In this era of Me Too and Times up, we have seen a few films in many languages that dealt with abusive relationships, the idea of consent, misogyny, patriarchy, etc. Movies like Uyare, Pink and to a good extent the new film Kettyolanu Ente Malakha dealt with similar ideas and won the hearts of the audience. Stand Up directed by Vidhu Vincent is an attempt to be among that list of impactful films, but sadly the movie fails miserably to generate any such emotional impact. The earnest performance of Rajisha Vijayan is the only positive here but that too can’t make it a recommendable film.
We are shown an open-mic stand-up comedy event at the beginning where one of our leading ladies, Keerthi is performing her set. And the movie is narrated as a story she narrates to the audience. That story is about a girl named Diya who was in an abusive relationship and suffered a lot in it. What happens in that backstory is the content of Stand Up.
I have seen Vidhu Vincent’s first film Manhole and I wasn’t a huge fan of it as I found it as a docu-fiction with no cinematic charm to its credit. Whatever one can associate with a movie like Manhole is clearly there in Stand Up as well. Both are amateurish looking films in terms of direction and writing with topics of utmost relevance. Now that’s a very gray area when it comes to judging a film. Misogyny and violence against women are so prevalent in our society that any movie with something against that in its content may start to sound like a relevant film. But luckily in my defense, I can show some well-made movies that addressed these issues in a much more impactful manner. The main problem with Stand Up is that it is trying to spoon-feed the audience by literally saying everything loudly. Almost every character other than Diya feels like a caricature and I couldn’t find anything presented with subtlety in this movie.
The script by Umesh Omanakuttan isn’t gripping at any point. We can easily sense where the movie is going and Vidhu Vincent fails to bring in the intensity in each scene. The dialogues are so clichéd that a guy who was sitting in front of me started predicting it and he had a good time doing that. The movie tries to pep up scenes with the use of background score, but there wasn’t any impact because of the lack of flow in the creation of such scenes. The scene where Keerthi leaves her house and another scene where Keerthi assures Diya that she will be with her are supposed to be emotional peaks, but unfortunately, all that falls flat. The music and the visualization of songs were nice while the background music was disappointing in key moments.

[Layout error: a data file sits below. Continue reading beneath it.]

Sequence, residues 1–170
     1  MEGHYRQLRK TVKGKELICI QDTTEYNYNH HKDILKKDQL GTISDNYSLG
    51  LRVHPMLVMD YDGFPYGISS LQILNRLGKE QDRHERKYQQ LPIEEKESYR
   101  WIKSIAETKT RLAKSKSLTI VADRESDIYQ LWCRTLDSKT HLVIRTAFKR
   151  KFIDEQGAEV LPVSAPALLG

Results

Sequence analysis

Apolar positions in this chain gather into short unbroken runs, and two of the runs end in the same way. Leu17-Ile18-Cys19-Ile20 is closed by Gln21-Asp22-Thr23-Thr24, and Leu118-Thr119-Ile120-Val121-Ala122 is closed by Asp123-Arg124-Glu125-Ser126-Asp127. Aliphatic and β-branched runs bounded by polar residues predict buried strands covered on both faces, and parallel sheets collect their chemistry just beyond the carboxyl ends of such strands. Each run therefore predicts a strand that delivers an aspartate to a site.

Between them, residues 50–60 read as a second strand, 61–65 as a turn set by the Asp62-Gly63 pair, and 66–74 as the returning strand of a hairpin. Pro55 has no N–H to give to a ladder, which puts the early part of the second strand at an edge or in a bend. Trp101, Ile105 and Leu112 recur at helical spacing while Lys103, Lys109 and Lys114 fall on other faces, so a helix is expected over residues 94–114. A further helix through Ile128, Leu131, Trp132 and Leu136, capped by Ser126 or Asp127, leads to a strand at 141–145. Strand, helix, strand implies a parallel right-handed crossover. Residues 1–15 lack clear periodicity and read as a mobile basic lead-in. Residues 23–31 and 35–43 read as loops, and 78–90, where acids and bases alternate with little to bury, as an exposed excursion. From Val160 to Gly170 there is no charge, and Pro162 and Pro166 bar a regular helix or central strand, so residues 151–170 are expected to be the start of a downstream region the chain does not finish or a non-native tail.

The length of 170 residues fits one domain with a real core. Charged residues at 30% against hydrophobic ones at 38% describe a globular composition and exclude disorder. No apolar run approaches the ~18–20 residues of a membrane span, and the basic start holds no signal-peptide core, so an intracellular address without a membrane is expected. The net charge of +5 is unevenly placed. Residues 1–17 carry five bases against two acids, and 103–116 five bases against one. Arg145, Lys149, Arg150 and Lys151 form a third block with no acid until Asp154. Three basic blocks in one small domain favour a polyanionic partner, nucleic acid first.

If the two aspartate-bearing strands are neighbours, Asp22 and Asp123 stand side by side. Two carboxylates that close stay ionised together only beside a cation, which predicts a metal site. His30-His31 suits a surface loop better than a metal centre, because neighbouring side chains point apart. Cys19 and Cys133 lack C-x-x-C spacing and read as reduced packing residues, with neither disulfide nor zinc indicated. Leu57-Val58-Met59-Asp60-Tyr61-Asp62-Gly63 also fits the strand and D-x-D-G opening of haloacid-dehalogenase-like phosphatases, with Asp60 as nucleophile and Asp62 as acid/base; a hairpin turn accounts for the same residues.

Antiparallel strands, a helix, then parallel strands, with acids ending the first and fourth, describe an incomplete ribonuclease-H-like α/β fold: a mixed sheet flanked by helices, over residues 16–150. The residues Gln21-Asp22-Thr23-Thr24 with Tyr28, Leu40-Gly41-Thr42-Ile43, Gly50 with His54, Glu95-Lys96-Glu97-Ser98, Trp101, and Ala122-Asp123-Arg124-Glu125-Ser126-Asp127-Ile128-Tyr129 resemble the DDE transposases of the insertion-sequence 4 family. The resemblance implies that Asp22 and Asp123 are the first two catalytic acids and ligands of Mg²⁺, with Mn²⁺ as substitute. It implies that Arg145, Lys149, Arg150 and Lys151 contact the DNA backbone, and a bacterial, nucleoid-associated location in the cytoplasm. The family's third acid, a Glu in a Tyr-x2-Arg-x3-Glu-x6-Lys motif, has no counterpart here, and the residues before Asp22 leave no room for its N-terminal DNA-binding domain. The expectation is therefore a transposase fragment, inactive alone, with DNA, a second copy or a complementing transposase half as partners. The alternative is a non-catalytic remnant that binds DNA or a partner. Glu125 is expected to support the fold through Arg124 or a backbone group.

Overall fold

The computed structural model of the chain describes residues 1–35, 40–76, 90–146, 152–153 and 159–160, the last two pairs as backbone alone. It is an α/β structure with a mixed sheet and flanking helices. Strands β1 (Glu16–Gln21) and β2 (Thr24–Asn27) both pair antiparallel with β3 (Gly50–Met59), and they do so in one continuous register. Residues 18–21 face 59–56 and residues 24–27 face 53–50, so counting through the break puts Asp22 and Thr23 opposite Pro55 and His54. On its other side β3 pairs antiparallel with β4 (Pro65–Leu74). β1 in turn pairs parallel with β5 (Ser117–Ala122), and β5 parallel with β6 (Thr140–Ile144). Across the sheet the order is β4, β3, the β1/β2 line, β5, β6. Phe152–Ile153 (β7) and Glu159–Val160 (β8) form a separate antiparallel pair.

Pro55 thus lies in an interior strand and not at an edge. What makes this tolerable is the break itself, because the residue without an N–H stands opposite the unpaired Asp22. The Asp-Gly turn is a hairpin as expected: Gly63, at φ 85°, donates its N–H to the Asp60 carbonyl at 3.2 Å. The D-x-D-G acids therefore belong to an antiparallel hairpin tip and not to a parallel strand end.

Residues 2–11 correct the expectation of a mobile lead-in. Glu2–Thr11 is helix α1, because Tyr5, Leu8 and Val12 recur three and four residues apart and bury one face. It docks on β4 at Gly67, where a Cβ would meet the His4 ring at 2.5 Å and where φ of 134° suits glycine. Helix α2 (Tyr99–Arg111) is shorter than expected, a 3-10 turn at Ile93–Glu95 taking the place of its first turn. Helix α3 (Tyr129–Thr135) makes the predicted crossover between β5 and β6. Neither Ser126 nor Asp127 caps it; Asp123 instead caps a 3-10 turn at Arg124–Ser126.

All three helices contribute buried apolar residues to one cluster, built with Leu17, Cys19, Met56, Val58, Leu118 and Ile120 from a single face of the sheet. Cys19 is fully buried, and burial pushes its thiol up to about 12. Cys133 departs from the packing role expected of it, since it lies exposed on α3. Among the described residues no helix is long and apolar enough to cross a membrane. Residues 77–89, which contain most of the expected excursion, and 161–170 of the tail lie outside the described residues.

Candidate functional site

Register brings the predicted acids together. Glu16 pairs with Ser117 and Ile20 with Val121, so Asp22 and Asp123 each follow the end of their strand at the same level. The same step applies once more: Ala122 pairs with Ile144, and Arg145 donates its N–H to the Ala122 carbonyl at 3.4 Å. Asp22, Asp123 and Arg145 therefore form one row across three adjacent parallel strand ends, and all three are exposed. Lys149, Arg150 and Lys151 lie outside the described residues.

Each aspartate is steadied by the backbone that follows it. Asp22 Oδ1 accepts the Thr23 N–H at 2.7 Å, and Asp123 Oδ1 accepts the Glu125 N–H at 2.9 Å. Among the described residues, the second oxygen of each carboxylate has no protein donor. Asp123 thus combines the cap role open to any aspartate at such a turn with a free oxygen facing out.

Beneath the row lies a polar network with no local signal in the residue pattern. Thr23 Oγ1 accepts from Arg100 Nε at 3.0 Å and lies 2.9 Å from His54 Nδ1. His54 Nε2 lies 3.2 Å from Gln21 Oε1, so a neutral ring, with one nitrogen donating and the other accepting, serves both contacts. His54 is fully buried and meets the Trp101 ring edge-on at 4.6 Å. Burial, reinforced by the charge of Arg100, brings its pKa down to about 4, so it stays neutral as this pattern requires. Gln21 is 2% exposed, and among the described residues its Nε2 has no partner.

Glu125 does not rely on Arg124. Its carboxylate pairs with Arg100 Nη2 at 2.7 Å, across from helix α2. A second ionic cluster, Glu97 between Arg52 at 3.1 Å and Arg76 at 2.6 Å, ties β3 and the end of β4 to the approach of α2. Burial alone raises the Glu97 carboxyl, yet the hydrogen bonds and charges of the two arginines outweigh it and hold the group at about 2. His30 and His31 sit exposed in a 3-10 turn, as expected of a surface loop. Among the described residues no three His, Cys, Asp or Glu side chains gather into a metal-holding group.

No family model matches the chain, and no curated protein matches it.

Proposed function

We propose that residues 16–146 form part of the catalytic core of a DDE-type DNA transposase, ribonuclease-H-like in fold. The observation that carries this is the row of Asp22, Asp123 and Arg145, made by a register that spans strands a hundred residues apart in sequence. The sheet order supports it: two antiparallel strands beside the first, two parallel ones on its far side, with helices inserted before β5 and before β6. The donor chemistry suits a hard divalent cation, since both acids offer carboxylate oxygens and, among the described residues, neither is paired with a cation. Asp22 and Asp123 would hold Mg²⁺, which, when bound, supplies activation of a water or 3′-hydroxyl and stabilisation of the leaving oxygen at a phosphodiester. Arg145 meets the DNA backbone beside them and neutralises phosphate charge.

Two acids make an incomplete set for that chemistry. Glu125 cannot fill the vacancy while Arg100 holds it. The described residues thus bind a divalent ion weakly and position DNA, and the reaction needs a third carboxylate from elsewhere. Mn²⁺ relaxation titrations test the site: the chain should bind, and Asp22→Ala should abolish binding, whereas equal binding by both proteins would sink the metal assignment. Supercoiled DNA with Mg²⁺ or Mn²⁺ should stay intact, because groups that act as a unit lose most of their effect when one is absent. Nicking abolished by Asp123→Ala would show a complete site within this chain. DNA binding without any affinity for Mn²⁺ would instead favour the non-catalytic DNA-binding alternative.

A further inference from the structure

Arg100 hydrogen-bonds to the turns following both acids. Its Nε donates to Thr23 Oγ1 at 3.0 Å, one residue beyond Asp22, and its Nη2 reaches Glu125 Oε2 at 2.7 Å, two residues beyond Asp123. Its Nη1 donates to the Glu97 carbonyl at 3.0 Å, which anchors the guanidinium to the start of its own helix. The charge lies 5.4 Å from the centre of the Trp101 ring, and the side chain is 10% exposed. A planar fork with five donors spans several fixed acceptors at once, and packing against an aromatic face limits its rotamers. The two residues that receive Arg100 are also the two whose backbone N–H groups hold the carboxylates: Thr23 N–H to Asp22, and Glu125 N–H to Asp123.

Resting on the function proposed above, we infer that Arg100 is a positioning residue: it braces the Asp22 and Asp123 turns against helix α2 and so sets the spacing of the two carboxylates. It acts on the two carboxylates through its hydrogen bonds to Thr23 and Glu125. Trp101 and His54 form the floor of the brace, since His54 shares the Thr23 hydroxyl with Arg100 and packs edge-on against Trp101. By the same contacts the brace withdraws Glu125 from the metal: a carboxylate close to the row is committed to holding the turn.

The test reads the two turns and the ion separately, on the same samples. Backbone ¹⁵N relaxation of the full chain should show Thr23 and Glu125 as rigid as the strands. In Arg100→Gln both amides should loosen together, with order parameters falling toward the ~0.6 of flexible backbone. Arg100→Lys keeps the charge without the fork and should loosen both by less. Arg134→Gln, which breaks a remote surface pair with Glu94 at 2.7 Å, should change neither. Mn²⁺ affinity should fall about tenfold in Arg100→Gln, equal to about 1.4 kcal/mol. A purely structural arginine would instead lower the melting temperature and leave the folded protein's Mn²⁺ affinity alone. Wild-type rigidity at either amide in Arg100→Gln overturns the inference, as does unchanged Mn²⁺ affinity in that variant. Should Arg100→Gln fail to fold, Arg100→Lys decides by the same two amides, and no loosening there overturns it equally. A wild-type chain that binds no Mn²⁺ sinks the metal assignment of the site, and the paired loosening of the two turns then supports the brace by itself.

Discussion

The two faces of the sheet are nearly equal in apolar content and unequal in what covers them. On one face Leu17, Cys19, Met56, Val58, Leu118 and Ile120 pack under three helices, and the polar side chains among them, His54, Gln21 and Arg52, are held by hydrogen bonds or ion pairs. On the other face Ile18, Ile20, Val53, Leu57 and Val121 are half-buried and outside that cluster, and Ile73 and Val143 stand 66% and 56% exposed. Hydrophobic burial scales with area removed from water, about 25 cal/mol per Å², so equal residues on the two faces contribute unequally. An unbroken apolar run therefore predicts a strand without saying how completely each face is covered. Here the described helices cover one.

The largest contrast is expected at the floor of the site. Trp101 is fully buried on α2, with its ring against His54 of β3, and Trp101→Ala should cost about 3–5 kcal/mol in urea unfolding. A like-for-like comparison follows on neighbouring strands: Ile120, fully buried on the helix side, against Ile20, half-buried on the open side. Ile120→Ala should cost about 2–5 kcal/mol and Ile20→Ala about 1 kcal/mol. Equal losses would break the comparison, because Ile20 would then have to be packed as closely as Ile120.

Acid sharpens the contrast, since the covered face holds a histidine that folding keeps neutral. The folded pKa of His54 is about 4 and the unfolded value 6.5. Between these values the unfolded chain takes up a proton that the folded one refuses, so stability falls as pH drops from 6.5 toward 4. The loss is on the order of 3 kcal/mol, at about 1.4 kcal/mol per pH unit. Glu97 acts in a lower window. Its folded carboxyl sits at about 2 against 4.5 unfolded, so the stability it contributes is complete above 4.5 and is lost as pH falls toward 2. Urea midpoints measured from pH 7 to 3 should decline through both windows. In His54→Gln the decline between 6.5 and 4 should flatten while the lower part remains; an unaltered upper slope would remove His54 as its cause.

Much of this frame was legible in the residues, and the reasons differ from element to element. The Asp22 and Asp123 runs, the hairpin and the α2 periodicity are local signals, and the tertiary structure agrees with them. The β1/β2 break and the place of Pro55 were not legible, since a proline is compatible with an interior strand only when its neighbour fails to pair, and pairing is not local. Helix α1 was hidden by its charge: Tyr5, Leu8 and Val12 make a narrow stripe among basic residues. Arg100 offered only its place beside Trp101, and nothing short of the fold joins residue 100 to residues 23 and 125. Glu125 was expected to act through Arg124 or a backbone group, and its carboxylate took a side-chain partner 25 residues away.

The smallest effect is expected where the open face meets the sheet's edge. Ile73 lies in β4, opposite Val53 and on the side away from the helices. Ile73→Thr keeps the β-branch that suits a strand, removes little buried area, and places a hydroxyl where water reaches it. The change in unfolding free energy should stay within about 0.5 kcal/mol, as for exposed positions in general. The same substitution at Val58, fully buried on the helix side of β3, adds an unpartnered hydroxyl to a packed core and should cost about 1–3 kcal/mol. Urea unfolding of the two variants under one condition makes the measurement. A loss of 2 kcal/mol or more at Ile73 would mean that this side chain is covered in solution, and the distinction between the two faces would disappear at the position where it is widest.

As I already said, the only thing I liked in this movie was the effort of Rajisha Vijayan to make us feel for her character. I am pretty sure a segment of the audience may feel that this review is extremely harsh and the whole credit for that goes to this actor who passionately approaches her characters. Nimisha Sajayan is trying her best to look like a successful stand-up comedian. But there is a limit to all that when the writing can’t really create anything funny. And I still don’t know how a stand-up comedy set ended up like a Ted X talk. Venkitesh as Amal is extremely eccentric and as his character was an unlikeable one I am sort of confused whether it was his acting or the character that I disliked. Arjun Ashokan is a talented actor who got wasted in a role that doesn’t really need someone like him. Veteran actress Seema, Sunil Sukhada, Sajitha Madathil, Nisthar Sait, Rajesh Sharma, and a few more names are there in the cast.
Stand Up has the right intention of talking against misogyny, toxic relationships, gender equality, etc. The problem is its execution. If movies like Uyare, Pink, etc are like quality ads done by Prakash Varma’s Nirvana, Stand Up is like that Government ad about Toilets featuring Vidya Balan; the intent is in the right direction, but the impact is pretty much zero.
Stand Up has the right intention of talking against misogyny, toxic relationships, gender equality, etc. The problem is its execution.
Green: Recommended Film
Orange: Okay, Watchable, Experimental Films
Red: Not Recommended